After completing his undergraduate and master’s degree in computer graphics at the University of Toronto, Ivan Neulander left his Toronto home to take a job with a visual effects company based in Los Angeles.
“Back in the late 90s, California was really the place to be for doing visual effects,” says the department of computer science graduate. “It’s become a lot more globalized now. Rhythm and Hues was the first one to make me a job offer, so the rest is history, as they say.”
The industry has seen swift change in the 20 years since. After 15 years with the company, and before Rhythm and Hues permanently closed its doors, Neulander took his computer graphics skills to a software engineering post at Google, where he started on the photos team and worked on painterly renderings.
“When I first started, VR [virtual reality] was still in its infancy. The technology wasn’t yet there, to make a truly compelling experience,” says Neulander, who works out of the famous Binoculars Building, an office space designed by Canadian-born architect Frank Gehry in Venice, Calif.
“I was interested primarily in computer graphics, and more specifically, photorealistic rendering. And so it lent itself really well to visual effects, to movies. And that's the industry that I pursued.
“It wasn't until 15 or so years later, when I came to Google, that the Daydream team was gathering steam and we had the tech to render things smoothly in a way that doesn't give people nausea. We could actually start using mobile devices to give everybody a pretty good VR experience.”
Neulander explains rendering as image synthesis – the creation of an image on a computer.
“The beauty of computer graphics is…the image. I like the fact that I can kind of validate what I've done just by looking at the image.”
In detail, rendering is 3D and requires a virtual camera, virtual light sources, 3D geometry (in the form of triangular meshes, textures that are applied to the surface), followed by shading tricks to ensure the surfaces look realistic, whether it's fibres, or wood, or even clouds, he says.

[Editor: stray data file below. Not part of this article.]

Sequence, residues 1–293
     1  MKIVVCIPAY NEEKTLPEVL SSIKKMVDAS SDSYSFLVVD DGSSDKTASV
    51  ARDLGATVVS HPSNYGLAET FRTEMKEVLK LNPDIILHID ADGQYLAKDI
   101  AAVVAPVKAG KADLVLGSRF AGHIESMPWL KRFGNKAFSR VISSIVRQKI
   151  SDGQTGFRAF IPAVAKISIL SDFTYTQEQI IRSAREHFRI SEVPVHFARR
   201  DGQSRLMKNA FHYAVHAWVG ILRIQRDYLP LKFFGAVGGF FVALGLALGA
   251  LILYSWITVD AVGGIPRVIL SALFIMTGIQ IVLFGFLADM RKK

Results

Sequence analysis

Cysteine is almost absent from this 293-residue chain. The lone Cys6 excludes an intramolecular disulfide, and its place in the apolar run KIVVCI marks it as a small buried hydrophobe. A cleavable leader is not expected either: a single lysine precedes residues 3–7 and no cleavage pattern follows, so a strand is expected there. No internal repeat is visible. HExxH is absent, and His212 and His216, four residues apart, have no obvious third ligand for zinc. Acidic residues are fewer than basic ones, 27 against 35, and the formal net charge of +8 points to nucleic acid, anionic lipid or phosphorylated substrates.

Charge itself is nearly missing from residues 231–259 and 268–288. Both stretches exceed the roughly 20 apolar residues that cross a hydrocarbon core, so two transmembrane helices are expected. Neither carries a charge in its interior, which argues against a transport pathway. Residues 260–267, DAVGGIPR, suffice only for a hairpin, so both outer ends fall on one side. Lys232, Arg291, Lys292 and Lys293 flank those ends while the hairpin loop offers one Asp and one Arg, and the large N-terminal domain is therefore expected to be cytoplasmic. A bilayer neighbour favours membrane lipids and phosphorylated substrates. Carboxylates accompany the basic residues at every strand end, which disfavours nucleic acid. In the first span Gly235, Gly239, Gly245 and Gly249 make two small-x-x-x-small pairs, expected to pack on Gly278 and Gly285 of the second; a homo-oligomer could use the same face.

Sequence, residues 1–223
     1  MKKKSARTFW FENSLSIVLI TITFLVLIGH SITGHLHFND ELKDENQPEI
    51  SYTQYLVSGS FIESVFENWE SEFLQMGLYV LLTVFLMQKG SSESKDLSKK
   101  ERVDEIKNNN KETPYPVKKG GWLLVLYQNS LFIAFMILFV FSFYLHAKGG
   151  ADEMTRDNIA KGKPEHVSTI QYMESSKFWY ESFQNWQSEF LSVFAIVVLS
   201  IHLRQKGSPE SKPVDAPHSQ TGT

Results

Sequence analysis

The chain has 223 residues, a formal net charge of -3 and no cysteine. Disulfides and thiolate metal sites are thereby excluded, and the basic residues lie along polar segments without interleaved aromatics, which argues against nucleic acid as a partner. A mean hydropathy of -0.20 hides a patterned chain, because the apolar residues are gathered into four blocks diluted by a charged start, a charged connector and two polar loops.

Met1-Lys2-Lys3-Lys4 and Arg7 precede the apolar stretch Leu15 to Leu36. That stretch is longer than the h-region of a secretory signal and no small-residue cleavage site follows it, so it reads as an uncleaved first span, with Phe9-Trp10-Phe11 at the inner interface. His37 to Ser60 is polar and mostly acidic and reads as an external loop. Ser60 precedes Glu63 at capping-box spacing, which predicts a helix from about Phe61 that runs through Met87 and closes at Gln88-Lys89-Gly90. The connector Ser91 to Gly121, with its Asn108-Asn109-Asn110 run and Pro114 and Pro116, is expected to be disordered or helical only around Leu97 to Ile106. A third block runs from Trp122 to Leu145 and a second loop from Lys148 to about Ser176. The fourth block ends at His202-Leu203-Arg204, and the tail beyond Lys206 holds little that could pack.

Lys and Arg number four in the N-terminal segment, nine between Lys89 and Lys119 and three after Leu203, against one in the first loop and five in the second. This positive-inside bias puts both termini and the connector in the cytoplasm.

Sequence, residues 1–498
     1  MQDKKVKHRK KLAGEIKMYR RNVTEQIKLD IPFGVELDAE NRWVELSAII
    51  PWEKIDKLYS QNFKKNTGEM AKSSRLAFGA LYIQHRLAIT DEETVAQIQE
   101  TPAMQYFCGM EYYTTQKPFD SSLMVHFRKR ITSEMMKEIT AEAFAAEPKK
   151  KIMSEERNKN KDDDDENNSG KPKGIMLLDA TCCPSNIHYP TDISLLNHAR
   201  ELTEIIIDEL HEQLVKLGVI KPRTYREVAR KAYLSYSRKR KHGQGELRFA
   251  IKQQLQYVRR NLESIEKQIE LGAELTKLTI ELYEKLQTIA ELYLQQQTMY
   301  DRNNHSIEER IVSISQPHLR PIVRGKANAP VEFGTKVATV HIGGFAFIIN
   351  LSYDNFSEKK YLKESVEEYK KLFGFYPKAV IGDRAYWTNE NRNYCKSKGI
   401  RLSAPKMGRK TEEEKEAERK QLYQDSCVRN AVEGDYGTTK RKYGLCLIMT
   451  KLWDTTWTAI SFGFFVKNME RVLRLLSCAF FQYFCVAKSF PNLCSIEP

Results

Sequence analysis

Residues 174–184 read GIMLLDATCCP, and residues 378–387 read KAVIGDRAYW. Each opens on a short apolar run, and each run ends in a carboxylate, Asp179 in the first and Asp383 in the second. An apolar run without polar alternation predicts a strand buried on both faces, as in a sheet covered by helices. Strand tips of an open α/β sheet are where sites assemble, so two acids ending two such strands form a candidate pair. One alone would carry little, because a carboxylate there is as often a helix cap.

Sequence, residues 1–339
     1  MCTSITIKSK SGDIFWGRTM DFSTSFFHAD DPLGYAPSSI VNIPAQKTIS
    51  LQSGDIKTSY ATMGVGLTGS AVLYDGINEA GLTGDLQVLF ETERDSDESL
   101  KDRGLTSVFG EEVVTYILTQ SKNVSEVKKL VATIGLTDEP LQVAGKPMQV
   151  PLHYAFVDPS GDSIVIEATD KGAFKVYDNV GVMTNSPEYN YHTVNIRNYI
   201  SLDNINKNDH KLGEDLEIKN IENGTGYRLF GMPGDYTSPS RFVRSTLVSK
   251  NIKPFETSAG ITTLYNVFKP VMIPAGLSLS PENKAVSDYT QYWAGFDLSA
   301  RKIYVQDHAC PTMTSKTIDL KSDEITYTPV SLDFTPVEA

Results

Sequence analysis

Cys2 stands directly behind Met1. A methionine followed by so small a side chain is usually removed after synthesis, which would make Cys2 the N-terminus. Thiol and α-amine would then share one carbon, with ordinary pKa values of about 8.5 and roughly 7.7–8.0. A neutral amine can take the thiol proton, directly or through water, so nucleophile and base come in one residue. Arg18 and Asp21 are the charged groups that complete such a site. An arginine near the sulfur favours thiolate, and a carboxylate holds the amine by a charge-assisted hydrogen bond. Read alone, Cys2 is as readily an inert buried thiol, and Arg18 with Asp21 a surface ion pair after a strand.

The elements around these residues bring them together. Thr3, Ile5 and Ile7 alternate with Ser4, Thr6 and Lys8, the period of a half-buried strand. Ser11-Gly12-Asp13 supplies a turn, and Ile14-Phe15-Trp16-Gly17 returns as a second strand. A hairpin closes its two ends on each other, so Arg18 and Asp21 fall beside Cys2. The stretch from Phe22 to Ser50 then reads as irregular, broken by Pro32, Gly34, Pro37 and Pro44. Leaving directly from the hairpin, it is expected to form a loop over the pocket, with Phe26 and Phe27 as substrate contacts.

“It can be something that happens 60 times per second on a PlayStation 4, which gives you actually a pretty decent level of quality these days. But when you're talking about visual effects, there's a much higher bar for the quality that's expected. The shadows have to look really good. The lighting has to look realistic. Oftentimes you're inserting computer-generated content into live action footage – people interacting with CG [computer graphics] characters. And so the lighting really has to match between those two.”
Lighting a scene with "blobby" shadows or shadow "maps" are some of the problems Neulander tackled for Google’s development of AR (augmented reality) stickers, a camera mode currently available in Google’s Pixel phones, allowing users to place CG characters – including some from Star Wars, Stranger Things, among Google’s own – in the phone’s live view. It’s the newest app to be developed using Google’s ARCore technology.
“I feel this is kind of a new development with mobile phones,” he says. “AR stickers are meant to be fun and kind of lighthearted. It's a neat way to get the [AR] ball rolling.”
Neulander predicts future uses could help you navigate a store, or place notes on places you want to revisit.
Could we one day augment our view by looking at buildings through our phones and gather their history?
“Being able to quickly identify buildings based on what the phone sees, is exactly the kind of problem that Google excels at. It's something that lends itself well to a deep learning solution, and there's so much training data that Google has, to feed that learning algorithm.
“Stay tuned, but I think something like that will be coming very soon.”
This article was also published on U of T News